the answer is YES you simply have to generate them randomly, and then, check that you have not used that one already.
This is exactly how your bank account number, and the like, is created. (But see below.)
(Of course there is only a tiny chance you will get a collision, but you have to check. On systems like this, I always have it email the admin or make a note somewhere, if there is a collision. Indeed, the fact that there is a collision (or many collisions!) is your signal that something has gone wrong.)
Note that there is absolutely nothing "inefficient" about this. In the course of establishing a new user you will be doing 10s of 100s of big database lookups ("that username already exists" "your cousin is already a member" "that branch ID does not exist" etc etc). It is utterly no big deal to check that the Human-Known-User-Id is unique.
Note that of course you have to lock up the relevant table (or whatever you're working with) while you create one and check that it's unique. On a huge world-wide commercial system with multiple access and creation that is a bit of a hassle.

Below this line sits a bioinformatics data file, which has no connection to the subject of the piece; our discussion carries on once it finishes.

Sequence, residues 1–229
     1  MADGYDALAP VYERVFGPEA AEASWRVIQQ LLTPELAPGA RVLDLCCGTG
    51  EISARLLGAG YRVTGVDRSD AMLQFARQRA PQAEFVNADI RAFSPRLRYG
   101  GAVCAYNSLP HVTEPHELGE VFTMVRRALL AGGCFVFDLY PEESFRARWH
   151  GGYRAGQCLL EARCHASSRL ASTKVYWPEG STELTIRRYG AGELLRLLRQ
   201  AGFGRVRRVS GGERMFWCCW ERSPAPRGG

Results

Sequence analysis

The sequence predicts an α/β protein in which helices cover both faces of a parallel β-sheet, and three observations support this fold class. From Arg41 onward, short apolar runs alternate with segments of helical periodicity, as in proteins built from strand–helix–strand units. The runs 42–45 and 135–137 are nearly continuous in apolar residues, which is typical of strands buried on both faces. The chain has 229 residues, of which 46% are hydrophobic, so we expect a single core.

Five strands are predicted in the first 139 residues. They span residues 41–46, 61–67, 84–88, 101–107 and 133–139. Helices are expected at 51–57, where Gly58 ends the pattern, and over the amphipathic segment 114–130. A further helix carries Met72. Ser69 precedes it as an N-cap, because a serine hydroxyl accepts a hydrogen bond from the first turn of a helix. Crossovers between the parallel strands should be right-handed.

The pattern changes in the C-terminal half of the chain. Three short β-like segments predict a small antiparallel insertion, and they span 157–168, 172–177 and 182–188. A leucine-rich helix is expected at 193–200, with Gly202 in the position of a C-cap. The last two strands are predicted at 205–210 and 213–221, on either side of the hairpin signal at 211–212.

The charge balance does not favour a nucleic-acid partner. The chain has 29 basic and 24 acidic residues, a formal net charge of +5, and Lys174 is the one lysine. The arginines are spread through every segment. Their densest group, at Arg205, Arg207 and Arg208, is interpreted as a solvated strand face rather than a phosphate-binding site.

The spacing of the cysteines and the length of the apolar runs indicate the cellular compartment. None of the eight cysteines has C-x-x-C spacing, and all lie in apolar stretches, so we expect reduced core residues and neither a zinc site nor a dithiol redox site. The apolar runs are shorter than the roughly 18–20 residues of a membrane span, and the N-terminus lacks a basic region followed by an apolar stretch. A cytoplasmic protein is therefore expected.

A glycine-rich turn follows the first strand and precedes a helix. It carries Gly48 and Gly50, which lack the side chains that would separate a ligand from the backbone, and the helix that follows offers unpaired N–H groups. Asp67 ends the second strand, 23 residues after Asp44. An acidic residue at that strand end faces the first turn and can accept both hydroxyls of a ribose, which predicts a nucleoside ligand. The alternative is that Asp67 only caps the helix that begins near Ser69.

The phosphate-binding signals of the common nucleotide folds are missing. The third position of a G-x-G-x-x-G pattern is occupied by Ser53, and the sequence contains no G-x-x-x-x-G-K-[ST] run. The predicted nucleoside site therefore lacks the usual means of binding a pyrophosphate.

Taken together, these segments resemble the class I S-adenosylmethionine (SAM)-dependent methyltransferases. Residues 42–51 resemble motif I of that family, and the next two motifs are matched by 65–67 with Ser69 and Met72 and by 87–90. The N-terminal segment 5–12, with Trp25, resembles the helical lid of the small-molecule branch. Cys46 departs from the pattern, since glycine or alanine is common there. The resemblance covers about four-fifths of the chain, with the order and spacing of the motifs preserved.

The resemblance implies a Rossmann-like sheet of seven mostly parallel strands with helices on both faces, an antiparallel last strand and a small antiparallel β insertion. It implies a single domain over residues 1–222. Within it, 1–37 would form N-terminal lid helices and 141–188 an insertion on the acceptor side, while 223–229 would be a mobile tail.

Here's a probably BETTER APPROACH, Bradford. This is what is usually done in large commercial systems. Just make up a big list of them (ie, generate millions of them randomly, beforehand, and check that they are all unique as you generate). Then have a little server that shoots them out (being careful to lock up, etc etc). That's the actual answer to how it's done on a large commercial system.
(Really, having gotten a supposedly-not-yet-used new ID from such a server, I would still just check that it has not been used already, as a failsafe. It would be crazy not to - it's only one DB call, and you're making 10s/100s DB calls to set up a new account.)
By the way, normally Human-Readable-Ids are NOT SO RANDOM. You would almost certainly not have zeros at the start. And many companies don't like zeros at the end. Personally I think you should never have three of anything in a row, and most large commercial systems enforce that for IDs (even two in a row is perhaps no good - it's your choice). If you are using letters ("your code is XMJUYTD") you will almost certainly simply leave out problem letters (I, O, etc). If you are mixing letters and numbers, you would probably leave out number zero. So, it's not so easy to construct a tasteful human-side-userID that makes you and customers happy!
(1) Almost certainly in practice, premake a big list of them and use that.
(2) Don't forget to lock up and so on.
(3) There is nothing whatsoever "inefficient" about what you describe; you describe how it is actually done in real life on big systems.